Monday Morning Message with Jason Beem Jan. 8, 2024

January 8th, 2024

A good Monday morning to you all! Hope everyone’s weekend went well. I came down with COVID last week, so I spent most of the weekend around the house resting and catching some racing on TwinSpires as well.

Seemed like there was a lot of strange happenings this weekend between late gate scratches, inquiries, disqualifications, etc. I want to write a little bit about those things in Thursday’s column. But today I wanted to celebrate a little personal anniversary with a story.

Eighteen years ago today, I called my first horse race on the microphone. It’s funny because there are many “important” days in my life where I don’t remember many things about the day, but I remember a lot about Jan. 8, 2006. I had started practicing “announcing” the summer before after hearing Vic Stauffer’s call of Cesario in the American Oaks. For most of July and August of 2005, I would go to Emerald Downs and practice calling their races into a tape recorder. I never actually thought about becoming a racecaller, it was more just something fun to do.

When Emerald Downs finished up their season, I started driving down to Portland Meadows to practice on the roof up there. The marketing manager from Emerald took the same job at Portland and since he knew me, he was cool with me standing up on top of the roof every other weekend. I practiced whether it was sunny or rainy (which, it usually was) and the Equibase guys were nice enough to let me hang out in their office between races. Looking back, it had to be annoying me being there, but they always made me feel welcome.

So on that Jan. 8 day, I was practicing like always. The fifth race finished and I headed back into the Equibase office to stay dry. The track announcer Mike O’Brien looked at me and said, “OK, you’re doing the next race.” I had never even asked to actually call a race, in part because I didn’t want to burden them, but also because I was scared as hell. I really think it was better that they dropped it on me with no notice. I only had a few minutes to panic instead of an overnight or, worse yet, a week. I had no public speaking experience and didn’t even know how the microphone worked. Mike walked me through everything and next thing I knew, they were coming onto the track.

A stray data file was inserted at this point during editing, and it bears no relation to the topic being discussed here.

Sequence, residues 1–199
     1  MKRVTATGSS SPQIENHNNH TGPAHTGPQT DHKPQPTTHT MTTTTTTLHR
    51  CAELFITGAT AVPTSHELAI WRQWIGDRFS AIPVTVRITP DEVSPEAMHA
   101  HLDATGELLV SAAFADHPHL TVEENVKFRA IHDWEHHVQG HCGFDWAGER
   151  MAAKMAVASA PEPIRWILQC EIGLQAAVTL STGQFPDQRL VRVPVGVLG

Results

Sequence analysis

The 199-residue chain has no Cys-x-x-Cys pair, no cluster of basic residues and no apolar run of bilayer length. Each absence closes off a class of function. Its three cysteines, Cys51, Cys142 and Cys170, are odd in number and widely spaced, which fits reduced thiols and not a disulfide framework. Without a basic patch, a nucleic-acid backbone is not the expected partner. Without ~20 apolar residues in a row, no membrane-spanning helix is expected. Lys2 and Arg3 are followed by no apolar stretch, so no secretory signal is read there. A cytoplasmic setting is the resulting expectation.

I can still remember hearing myself on the speakers during that first post parade and thinking, “Oh, crap.” I was completely robotic, and my voice trembled the whole time. As they got to the gate out at the six-furlong chute, I remember having to pin my hands against the windowsill to try to somehow see clearly. To this day, I use a tripod just because my hands shake too much.

I don’t remember much about the race other than I ran out of air midway on the turn, and I remember once it was over feeling like it went really badly because of how much my voice was shaking. My good buddy Ben Root actually trained the winner, and the horse had a great name. A Colt Named Sue.

Everyone at the track told me I did just fine. But I remember walking out of there feeling very dejected that day. But a week later, they let me call two races, and those went better. Two more weeks after that, Mike O’Brien was sick and I got to call the whole card. I used the races from that full fill-in day as my demo tape and by early March, I was offered and accepted the job at River Downs. It’s crazy how lucky I got with opportunities in those couple of months.

That day of the first race call is such a fond memory for me. It marks the start of what’s been a really interesting career and personal journey for me. It was very innocent, and I really had no idea or path I thought it would follow. I really wish I could find the video of it. I used to have a DVD of it, but it got lost somewhere along the way. So the memory will have to do. And I’m good with that. I think all the support I got back then is part of why I like remembering that day so much. There were a bunch of people at Portland Meadows who rooted me on and supported my efforts, and that means a lot.